Forbes came out with its annual Midas List, which ranks venture capitalists. Lists on the web are essentially page view machines, but at Forbes, they are a religion. I worked for Forbes.com and know how much work used to go into putting together the Billionaires and the Richest Americans list. So when you see the Midas List, you assume that it is going to be a well thought out and comprehensive listing.
Well, not so much. I looked at the list and found that Fred Wilson, who is one of the most-successful venture capitalists of the post-social era, is listed at #20. Wilson is a general partner at Union Square Ventures, a firm he co-founded, and his investments include Twitter, Etsy, Tumblr and Kickstarter.
He invested in most of these companies during the early stage of their start-up life and long before they became household names and were successes. When investors put money in at this early stage, the returns they get from hit companies are much higher. His return on investment on those dollars is much, much higher than say someone who invested in Twitter at, say, a $3.7 billion valuation. I don’t know, say, John Doerr, for example, who is ranked at the #12 spot.
“Everyone in the industry knows USV is the top VC, so any ‘top list’ like Forbes that doesn’t include them is a joke,” tweeted Chris Dixon, an entrepreneur and partner at the Founder Collective. David Lee, who works with Ron Conway at SV Angel, added, “It’s like putting Andrew Luck at #20 in an NFL mock draft.” Bijan Sabet, who incidentally is #57 on the list and has invested in Twitter and Tumblr, added, “Also list doesn’t take into account cost basis or ownership.”
The point is not to defend or talk-up Fred Wilson — he can do that himself on his blog, and frankly he doesn’t need to. The reason for bringing him up is that the list’s methodology is just weird and, well, ambiguous at best.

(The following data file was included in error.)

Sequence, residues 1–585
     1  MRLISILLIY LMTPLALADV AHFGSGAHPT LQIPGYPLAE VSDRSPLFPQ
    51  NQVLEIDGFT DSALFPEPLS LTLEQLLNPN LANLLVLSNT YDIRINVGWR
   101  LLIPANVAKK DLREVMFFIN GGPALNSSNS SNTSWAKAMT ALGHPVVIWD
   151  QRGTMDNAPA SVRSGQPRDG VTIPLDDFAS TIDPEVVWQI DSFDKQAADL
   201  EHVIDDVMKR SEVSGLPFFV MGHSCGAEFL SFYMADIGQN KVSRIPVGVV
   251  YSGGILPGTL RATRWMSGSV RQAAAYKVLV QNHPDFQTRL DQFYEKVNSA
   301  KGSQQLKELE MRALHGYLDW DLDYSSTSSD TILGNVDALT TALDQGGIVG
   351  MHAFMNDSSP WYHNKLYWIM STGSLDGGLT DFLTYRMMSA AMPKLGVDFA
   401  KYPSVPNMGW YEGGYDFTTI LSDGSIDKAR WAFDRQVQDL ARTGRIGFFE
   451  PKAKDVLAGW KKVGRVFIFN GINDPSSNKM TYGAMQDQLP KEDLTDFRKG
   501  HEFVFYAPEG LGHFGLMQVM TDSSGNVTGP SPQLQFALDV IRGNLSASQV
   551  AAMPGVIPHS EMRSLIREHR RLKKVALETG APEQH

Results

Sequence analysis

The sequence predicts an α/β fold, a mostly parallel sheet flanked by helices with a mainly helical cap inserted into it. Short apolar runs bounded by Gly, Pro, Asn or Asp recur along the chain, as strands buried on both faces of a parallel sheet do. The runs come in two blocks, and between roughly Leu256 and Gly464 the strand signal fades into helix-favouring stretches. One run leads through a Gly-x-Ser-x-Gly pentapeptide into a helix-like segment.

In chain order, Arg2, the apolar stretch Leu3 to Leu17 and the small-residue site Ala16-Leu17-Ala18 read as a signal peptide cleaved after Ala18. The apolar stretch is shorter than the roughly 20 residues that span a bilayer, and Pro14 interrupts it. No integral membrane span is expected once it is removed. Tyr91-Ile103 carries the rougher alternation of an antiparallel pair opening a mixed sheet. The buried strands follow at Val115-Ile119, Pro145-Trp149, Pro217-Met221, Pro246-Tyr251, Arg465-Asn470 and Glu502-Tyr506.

Do Forbes and its partners take take into account how much money was invested in Skype and how much of it was actually returned to the limited partners at Andreessen Horowitz? And how do they explain that Mary Meeker is on the list at #42 (ahead of say, Sabet), even though she has been in the business for — wait for the drum roll — 17 months. And well, if we are going to include Meeker on the list, then why not Brad Feld from The Foundry Group, who was an early investor in Zynga, one of the hot investments?
To be clear, I am not commenting on individuals, but more on the Forbes methodology:
For the Midas List, we created our data-based rankings again this year with TrueBridge Capital Partners, a venture capital-focused fund of funds. Also advising us on our final ranking was an expert panel made up of secret sources, including professionals from a premier global investment consulting firm and a leading foundation’s investment office.
The aim of the Midas List ranking is to identify the venture capitalists who are providing the best returns for their investors, while helping create the most valuable and impactful technology and life science companies. To assess performance, we looked at all venture-backed initial public offerings and mergers and acquisitions valued at more than $200 million over the last five years, since 2007.
When I worked at Forbes.com, I got to know a lot of people who worked on Forbes’ lists. There was a dedicated team that worked around the year and dug up little-known facts and details before assembling the final tally of America’s Richest or the Billionaires’ list. The effort that went into those lists was so comprehensive that you could take it to the bank. The methodology for the Midas List, based on Forbes’ own description above, is nowhere close to having that rigor. So, if Forbes is serious about this list, it needs to devote resources to it.